Canes’ Rod Brind’Amour counting on Ryan Dzingel to add more speed to a fast lineup

Ryan Dzingel quickly caught Rod Brind’Amour’s attention when the Carolina Hurricanes were playing the Ottawa Senators the past few seasons.

“He opened my eyes,” the Canes coach said Wednesday. “Every time we played them it was like, ‘Who is that guy?’ As a coach when you don’t really know the other team or certain players and they stand out ... he was always standing out for me.”

And now Dzingel’s a part of the Hurricanes. As Brind’Amour put it, “I’m hoping he has the other coaches asking that question.”

When Canes owner Tom Dundon and general manager Don Waddell came to Brind’Amour this summer and asked about Dzingel being signed as a free agent, the coach quickly agreed. The forward, an unrestricted free agent after last season, agreed to a two-year contract that will pay him $3.25 million this season and $3.5 million in 2020-21.

Dzingel is 27, and only centers Jordan Staal and Erik Haula, another newcomer, are older among the Canes forwards. He’s a former seventh-round draft pick by the Senators. Dzingel also has made the most of every opportunity in his hockey journey and career and now has another one with the Canes.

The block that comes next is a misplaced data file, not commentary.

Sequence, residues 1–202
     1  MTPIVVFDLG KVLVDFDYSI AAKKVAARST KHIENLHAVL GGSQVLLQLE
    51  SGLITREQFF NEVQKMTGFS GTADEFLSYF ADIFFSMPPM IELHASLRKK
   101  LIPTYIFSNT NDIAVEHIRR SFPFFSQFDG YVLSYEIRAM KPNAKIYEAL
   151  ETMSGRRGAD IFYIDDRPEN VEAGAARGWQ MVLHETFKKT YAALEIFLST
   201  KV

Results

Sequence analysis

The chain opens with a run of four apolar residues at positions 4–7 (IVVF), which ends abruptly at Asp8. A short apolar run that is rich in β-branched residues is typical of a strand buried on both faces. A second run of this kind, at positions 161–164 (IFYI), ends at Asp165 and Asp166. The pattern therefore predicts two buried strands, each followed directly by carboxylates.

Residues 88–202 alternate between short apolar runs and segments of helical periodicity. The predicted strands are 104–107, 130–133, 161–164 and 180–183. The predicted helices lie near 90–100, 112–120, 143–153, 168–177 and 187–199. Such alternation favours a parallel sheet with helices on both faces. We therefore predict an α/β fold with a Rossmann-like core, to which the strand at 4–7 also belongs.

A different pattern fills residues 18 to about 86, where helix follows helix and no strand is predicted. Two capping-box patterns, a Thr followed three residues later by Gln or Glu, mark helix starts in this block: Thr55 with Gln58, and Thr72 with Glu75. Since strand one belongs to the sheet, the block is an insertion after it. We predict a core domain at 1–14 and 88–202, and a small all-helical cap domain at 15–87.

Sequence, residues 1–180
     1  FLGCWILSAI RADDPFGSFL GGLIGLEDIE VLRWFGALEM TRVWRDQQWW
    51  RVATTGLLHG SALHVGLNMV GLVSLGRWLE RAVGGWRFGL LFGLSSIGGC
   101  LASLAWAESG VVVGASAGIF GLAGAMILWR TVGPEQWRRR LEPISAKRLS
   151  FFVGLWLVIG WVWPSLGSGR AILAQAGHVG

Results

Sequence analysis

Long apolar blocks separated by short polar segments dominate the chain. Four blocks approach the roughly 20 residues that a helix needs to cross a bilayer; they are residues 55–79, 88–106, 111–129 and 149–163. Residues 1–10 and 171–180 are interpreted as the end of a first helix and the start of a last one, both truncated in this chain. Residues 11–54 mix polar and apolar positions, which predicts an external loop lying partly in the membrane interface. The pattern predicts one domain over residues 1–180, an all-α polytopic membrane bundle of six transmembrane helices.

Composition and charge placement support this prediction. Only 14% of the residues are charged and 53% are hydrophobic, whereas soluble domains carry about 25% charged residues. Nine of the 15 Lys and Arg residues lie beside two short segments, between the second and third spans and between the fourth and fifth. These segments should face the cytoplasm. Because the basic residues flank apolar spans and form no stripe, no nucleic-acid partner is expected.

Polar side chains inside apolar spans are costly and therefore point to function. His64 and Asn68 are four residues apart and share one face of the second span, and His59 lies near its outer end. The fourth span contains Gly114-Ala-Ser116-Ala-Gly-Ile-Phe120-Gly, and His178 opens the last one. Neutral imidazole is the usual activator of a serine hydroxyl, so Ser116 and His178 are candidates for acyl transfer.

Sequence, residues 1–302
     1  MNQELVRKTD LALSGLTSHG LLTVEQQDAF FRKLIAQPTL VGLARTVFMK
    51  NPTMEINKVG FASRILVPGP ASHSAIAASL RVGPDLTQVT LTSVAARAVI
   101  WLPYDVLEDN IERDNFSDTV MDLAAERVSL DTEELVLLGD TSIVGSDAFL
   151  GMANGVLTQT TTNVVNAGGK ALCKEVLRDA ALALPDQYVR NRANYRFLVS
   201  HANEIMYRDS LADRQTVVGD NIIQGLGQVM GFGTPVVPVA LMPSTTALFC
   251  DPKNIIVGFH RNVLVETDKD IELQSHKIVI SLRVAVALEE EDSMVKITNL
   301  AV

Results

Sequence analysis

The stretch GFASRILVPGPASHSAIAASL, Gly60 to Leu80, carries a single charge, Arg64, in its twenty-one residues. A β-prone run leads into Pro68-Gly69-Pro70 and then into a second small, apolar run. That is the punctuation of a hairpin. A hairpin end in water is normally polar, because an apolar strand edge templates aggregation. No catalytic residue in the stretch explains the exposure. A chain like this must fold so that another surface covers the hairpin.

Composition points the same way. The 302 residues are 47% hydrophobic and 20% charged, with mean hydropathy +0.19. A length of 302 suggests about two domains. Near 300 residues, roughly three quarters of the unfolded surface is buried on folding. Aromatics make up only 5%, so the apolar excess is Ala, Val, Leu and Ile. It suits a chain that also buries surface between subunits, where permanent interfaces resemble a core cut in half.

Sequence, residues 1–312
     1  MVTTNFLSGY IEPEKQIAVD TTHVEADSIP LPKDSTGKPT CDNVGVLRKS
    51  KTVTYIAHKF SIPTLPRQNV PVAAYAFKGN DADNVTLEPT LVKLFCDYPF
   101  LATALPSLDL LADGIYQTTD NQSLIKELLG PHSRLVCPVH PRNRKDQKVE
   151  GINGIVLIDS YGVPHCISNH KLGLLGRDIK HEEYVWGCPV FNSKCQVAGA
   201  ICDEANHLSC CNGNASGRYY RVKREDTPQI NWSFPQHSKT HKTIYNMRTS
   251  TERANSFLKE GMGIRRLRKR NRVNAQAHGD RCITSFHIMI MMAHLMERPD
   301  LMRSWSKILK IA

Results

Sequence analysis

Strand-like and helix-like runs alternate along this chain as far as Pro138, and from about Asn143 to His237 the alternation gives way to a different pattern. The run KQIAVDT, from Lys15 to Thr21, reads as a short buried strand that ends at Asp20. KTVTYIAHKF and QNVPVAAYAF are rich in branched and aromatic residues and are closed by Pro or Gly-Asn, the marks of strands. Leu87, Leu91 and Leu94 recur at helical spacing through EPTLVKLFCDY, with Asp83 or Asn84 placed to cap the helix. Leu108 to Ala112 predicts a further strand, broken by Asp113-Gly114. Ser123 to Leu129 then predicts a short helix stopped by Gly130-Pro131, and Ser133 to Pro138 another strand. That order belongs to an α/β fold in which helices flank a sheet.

“I like being written off and finding a way,” Dzingel said Wednesday. “A lot of things happened to get here, but I’m glad it worked out. It’s so fresh and new to me that I’m just excited. I think the system we play is built off speed, so I’ll be able to fit right in and hopefully contribute right away.”

That’s what Brind’Amour is counting on. Dzingel scored 22 goals in 57 games with the Senators last season before the Wheaton, Illinois, native was traded to the Columbus Blue Jackets on Feb. 23. Dzingel did his job in the Blue Jackets’ late push to reach the Stanley Cup playoffs with four goals and eight assists in the last 21 games of the regular season, but was a nonfactor offensively once in the playoffs — one goal in nine games, his only point.

But in looking at his season as a whole, Dzingel had career highs in goals (26), assists (30) and points (56). He had five game-winning goals, another career best.

Columbus Blue Jackets center Ryan Dzingel, left, reacts with left wing Nick Foligno (71) after scoring a goal against the New York Rangers during the third period of an NHL hockey game, Friday, April 5, 2019, in New York. The Blue Jackets won 3-2 in a shootout. Julio Cortez AP

“We’re hoping he brings that offensive speed element,” Brind’Amour said. “We’re going to rely on him to score some points and get on the board and play the way we want to play, which is fast and getting on the puck.”

And helping the power play. The Canes have had myriad problems the past few seasons and in last season’s playoffs, finishing 20th in the NHL last season at 17.8 percent, a slight dip from 2017-18. Dzingel set new career marks last season in power-play goals (five) and power-play points (11), and could help offset the departure of Justin Williams, who hasn’t retired from the NHL but hasn’t decided if he’ll play this season.